2) 2011 Return. Calculate your annual return using a calculator or spreadsheet, using the formula:
2011 return = ((2011 balance/(2010 balance+Self Contributions + Employer Contributions))-1) *100%
3) Brightscope Rating. Look up the Brightscope rating for your plan at brightscope.com and fill that in the last block of the top table.
4) Performance of Individual Mutual Funds. The middle section of the worksheet is optional, but helpful to determine how individual investments within your plan are performing. Again, all you generally need to do is look at your statements for 12/31/10 and 12/31/11. Most 401(k) plans will categorize these investments for you as “Stable Value,” “Bonds,” “Large Cap” etc. In the middle blocks put in the name of each fund and calculate the return for each fund using the 2010 beginning balance, 2011 contributions and 2011 balance, the same way as described above for the overall plan. In the last box you can also go to Morningstar.com and look up the Morningstar rating for each fund. The Morningstar rating system generally gives a star rating for how the fund has performed over the last several years and sometimes a rating such as gold, silver or bronze for how Morningstar thinks it will perform in the future. Interestingly, these ratings don’t correspond exactly to how our funds performed but they are at least one objective guideline to take into consideration. Also, as Ramit Sethi notes in his book, underperforming funds often get closed down and transferred to new funds at the end of each year. You might want to note how many of your funds did this.
5) Look at the Long View. The Retirement Goal Status box asks you to make a goal for how much you would like to live on (in today’s dollars) at retirement each year and how many years you estimate you will be in retirement. Plug these numbers into a calculator such as this one to determine how much total money you will need by the time you retire. It will be a huge number but don’t be afraid of it, just write it down. Use the same calculator to figure out how much you will need to save each month to hit your target. Calculate one number using a generous return of 8% and another using a lesser return of about 5%.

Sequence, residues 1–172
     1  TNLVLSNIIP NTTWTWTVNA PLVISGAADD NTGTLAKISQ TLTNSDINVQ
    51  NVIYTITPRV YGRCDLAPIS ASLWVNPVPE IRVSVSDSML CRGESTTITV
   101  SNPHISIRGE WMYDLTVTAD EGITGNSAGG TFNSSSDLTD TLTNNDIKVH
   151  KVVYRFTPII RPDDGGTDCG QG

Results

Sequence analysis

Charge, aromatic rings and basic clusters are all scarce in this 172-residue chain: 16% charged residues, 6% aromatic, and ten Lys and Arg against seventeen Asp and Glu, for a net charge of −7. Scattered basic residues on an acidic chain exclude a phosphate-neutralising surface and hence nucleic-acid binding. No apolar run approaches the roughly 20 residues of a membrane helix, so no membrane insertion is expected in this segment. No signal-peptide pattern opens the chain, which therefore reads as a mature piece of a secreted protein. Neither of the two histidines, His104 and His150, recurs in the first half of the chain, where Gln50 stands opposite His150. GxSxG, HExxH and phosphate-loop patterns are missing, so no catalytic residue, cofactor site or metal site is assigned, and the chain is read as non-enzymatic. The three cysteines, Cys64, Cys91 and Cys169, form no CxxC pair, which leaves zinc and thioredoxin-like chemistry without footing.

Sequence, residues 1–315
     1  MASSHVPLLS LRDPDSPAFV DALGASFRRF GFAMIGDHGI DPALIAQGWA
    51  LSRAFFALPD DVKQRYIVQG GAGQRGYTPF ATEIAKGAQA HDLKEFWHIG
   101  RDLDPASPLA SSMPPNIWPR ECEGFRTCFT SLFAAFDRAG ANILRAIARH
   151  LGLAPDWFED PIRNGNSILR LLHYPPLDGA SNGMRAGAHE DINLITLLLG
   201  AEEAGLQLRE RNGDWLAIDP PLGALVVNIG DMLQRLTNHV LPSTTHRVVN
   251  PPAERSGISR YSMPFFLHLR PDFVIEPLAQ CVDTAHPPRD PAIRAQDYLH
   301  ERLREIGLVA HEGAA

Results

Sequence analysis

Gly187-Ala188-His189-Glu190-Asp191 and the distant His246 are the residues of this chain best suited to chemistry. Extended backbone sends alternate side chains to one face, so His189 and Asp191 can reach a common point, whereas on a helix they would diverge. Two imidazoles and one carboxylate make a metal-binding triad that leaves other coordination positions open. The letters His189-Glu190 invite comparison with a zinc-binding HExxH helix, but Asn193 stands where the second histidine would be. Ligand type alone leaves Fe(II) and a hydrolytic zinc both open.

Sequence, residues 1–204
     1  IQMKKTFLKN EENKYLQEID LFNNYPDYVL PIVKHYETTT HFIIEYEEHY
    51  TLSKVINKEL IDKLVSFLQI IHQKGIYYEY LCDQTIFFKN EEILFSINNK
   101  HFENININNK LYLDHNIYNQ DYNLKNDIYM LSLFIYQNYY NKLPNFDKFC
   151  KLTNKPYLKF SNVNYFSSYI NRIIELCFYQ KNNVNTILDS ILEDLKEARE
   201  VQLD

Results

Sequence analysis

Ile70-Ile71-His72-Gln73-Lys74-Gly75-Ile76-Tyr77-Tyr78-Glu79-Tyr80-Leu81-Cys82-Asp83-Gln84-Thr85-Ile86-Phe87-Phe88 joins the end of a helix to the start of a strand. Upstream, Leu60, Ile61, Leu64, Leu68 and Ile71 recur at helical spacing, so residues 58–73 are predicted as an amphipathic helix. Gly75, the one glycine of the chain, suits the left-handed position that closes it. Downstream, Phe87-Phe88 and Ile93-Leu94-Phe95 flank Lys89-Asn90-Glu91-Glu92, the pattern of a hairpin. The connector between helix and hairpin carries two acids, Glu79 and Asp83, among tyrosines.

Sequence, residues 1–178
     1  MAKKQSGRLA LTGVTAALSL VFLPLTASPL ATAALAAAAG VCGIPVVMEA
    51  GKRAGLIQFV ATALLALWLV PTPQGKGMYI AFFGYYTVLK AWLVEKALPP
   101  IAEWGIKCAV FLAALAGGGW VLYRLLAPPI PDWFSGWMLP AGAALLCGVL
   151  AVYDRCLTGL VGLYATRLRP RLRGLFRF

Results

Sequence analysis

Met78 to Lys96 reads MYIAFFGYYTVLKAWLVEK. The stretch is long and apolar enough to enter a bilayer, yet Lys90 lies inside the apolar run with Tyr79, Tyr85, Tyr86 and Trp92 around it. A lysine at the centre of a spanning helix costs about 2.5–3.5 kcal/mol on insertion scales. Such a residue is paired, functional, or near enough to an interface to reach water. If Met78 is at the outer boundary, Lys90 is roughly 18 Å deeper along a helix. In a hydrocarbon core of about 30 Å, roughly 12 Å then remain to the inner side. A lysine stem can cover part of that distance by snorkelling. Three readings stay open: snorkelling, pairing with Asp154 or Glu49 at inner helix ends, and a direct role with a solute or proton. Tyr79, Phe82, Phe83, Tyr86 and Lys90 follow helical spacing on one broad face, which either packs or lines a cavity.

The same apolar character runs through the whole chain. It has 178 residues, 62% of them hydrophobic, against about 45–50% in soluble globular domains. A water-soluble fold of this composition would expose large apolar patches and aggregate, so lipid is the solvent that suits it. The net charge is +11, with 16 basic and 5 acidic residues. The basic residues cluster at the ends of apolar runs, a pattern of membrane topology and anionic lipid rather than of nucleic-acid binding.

6) 2012 Contributions. Then write down how much you estimate you will actually contribute to your 401(k) based on your current paycheck deductions and your 2012 estimated employer match. If your number is nowhere near what the calculator indicates you will need to save this year, try not to panic. Understand that retirement saving is a long-term game. If you can’t hit your savings target this year, you just need to tack it in the back of your mind that you will have to put aside even more in the future to make up for it or adjust your eventual goal downward.
7) Loan and Hardship Withdrawals. Finally, in the last box, it is a good idea to check in to see what the loan and hardship withdrawal provisions are for your 401(k) just in case you should ever have to withdraw the money for an emergency. It is almost always a bad idea to have to take a loan or withdrawal from your 401(k) but if you are truly desperate, it is a resource available to you. The loan and withdrawal provisions are generally available online in the same place you access your 401(k) balance and other data.
I know this is a lot and overwhelming to some. If it is too much for you, perhaps do just the top box and set it aside. Or print out the form, print out your 12/30/2011 401(k) statement, put them in a file folder and make a note to do it next year.
How do you keep track of your 401(k)? Please share in the comments.